One way to implement this application is to load the JavaScript for the OpenAjax Hub before the other Ajax libraries. For example:

<html>
  <head>
    ...
     <script type="text/javascript" src="OpenAjax.js"/>
     <script type="text/javascript" src="UTILS.js"/>
     <script type="text/javascript" src="CALENDAR.js"/>
     <script type="text/javascript" src="CHARTS.js"/>
     <script type="text/javascript" src="DATAGRID.js"/>
    ...
  </head>
  ...

(Note: Some Ajax runtimes will include the OpenAjax Hub as part of their standard distribution, in which case, so long as the given Ajax runtime's JavaScript is loaded before other OpenAjax-compatible runtimes are loaded, it might not be necessary to include a separate <script> element for OpenAjax.js.)

To make the application work, the developer registers a callback function that is invoked whenever the user selects a new date in the calendar widget. This callback function then broadcasts the new date event using the OpenAjax Hub's publish() function:

    <script type="text/javascript">
      ...
      // Somewhere in earlier JavaScript code, you need to invoke 
      // the calendar widget's APIs to register MyCalendarCallback 
      // as the callback function for when a new date is selected
      ...
      function MyCalendarCallback(...) {
        // Publish (i.e., broadcast) the "myapp.newdata" event via the OpenAjax Hub.
        OpenAjax.hub.publish("myapp.newdate", newdate);
      }
      ...
    </script>

Then the developer includes code such that each chart widget and data grid widget subscribes to the new date event and provides a callback function. The various callback functions then update the given visualization widget appropriately:

    <script type="text/javascript">
      ...
      function SubscribeNewDateCallback(eventname, publisherData, subscriberData) {
        ...
        // Update the given visualization widget
        ...
      }
      // Subscribe to (i.e., listen for) any "myapp.newdata" events via the OpenAjax Hub.
      OpenAjax.hub.subscribe("myapp.newdate", SubscribeNewDateCallback);
      ...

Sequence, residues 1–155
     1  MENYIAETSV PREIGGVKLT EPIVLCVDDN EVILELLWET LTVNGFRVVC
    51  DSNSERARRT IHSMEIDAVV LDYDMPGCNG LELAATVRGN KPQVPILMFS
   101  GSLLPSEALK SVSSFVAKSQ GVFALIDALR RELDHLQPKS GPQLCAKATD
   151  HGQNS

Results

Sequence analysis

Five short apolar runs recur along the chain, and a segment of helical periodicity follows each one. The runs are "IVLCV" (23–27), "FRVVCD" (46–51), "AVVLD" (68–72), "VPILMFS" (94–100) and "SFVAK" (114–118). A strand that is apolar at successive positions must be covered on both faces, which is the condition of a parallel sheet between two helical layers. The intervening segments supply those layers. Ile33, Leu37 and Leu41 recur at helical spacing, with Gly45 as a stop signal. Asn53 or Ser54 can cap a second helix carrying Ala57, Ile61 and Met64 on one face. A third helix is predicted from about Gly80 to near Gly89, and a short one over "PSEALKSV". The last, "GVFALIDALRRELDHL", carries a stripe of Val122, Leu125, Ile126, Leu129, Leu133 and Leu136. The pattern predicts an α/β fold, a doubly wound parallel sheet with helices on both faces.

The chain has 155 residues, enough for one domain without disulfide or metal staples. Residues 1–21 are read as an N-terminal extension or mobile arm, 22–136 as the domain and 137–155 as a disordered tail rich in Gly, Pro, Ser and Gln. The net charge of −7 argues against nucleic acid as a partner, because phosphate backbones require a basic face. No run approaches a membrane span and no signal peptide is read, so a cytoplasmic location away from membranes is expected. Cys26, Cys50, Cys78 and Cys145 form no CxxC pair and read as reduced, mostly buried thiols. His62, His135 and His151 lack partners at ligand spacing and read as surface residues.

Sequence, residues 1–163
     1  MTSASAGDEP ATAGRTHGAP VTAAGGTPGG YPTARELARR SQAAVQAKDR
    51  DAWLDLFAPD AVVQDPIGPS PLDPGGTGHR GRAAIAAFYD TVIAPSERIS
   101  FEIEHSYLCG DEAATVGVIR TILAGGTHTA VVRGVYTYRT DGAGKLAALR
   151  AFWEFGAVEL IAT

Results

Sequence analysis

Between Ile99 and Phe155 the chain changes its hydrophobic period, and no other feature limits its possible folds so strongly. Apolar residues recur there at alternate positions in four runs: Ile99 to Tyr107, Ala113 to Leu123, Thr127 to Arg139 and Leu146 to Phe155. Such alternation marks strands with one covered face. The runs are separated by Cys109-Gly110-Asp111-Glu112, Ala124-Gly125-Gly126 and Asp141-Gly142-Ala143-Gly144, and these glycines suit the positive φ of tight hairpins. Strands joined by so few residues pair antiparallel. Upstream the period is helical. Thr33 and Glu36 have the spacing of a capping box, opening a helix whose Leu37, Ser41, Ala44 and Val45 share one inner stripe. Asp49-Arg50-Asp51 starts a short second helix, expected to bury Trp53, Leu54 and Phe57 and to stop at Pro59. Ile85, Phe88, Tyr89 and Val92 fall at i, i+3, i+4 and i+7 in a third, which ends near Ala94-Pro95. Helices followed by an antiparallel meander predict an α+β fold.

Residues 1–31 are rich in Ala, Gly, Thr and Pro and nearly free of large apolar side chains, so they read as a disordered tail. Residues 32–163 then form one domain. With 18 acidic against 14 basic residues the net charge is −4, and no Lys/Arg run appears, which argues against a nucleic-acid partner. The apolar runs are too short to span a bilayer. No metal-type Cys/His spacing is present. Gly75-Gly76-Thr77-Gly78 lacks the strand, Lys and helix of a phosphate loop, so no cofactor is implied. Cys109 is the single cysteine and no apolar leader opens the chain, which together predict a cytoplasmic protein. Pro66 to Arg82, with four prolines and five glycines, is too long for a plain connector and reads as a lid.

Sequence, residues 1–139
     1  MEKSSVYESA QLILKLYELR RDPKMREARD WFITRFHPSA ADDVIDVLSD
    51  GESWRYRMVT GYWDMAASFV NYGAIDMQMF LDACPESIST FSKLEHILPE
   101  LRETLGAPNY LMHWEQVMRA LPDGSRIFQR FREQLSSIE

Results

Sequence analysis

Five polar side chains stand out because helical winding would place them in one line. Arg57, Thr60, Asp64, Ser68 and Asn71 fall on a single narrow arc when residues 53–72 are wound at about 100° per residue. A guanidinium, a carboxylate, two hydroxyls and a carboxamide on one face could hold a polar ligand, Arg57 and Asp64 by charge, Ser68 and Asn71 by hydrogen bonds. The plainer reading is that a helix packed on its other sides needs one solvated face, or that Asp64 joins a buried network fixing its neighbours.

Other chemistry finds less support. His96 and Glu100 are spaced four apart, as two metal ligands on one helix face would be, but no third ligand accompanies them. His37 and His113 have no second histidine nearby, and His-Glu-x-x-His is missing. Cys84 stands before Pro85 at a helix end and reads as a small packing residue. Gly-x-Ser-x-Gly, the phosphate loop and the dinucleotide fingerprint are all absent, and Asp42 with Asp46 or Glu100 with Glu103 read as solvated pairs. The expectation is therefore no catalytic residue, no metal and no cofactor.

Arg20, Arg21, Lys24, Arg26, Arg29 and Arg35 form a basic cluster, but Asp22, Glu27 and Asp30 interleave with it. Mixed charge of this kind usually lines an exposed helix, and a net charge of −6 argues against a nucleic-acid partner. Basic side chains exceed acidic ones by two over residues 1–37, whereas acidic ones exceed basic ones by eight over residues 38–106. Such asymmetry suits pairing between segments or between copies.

</script>

Future toolkit support for the OpenAjax Hub

OpenAjax Alliance is working with the industry to achieve widespread support for the OpenAjax Hub. A particular Ajax toolkit can support the OpenAjax Hub as follows:

  • An Ajax toolkit can include the Hub (most preferable). The Hub can be implemented with <3K of JavaScript, so some Ajax toolkits will simply bundle the Hub as a standard component of their toolkit.
  • An Ajax toolkit can use the Hub if present. Other Ajax toolkits may decide not to ship the Hub within their distribution, but instead check to see if the Hub has been loaded previously, and if so, use the Hub's services.
  • A 3rd party can developer an adapter. For most toolkits, it is possible for a 3rd party developer to write a small amount of JavaScript that adds Hub support to the given toolkit.

When Ajax toolkits include built-in support for the Hub, the application developer's tasks are easier, but by finding or writing a simple adapter, the Hub can still be used with toolkits that have not yet implemented support for the Hub.

Version 1 Status

The OpenAjax Alliance is approaching completion of OpenAjax Hub 1.0. The OpenAjax Hub 1.0 Specification, the open source reference implementation (http://openajaxallianc.sourceforge.net), and the test suite are all in the final stages of development. The Hub previously has gone through a major review and feedback cycle centered around the InteropFest that occurred in March 2007, when 12 vendors integrated preliminary OpenAjax Hub support into their toolkits (see the OpenAjax Alliance's InteropFest wiki page [hyperlink]). After the InteropFest, the feature set for OpenAjax Hub 1.0 was streamlined and refined, along with corresponding updates to the Specification, reference open source, and test suite. The primary remaining activity is a final round of integration with various toolkits to verify that the specification and open source are complete and address industry requirements.

Futures

It is expected that the OpenAjax Hub will evolve over time and address other interoperability issues in subsequent versions. Future versions of the OpenAjax Hub will provide improved support for existing features and support new features. Among the features under development for a future version of the OpenAjax Hub are:

  • Coordination of communications requests, including server-push using Comet techniques
  • Ability to achieve "secure mashups" (i.e., allowing for the convenience of mashups, but without sacrificing security)
  • Enabling data binding across Ajax libraries
  • Expanded list of standardized events and payloads